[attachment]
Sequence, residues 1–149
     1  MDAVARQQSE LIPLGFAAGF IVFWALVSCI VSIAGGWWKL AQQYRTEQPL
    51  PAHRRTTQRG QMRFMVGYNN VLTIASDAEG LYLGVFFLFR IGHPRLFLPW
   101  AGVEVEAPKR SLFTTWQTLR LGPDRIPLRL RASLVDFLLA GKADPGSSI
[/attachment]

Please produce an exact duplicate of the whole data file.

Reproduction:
Sequence, residues 1–149
     1  MDAVARQQSE LIPLGFAAGF IVFWALVSCI VSIAGGWWKL AQQYRTEQPL
    51  PAHRRTTQRG QMRFMVGYNN VLTIASDAEG LYLGVFFLFR IGHPRLFLPW
   101  AGVEVEAPKR SLFTTWQTLR LGPDRIPLRL RASLVDFLLA GKADPGSSI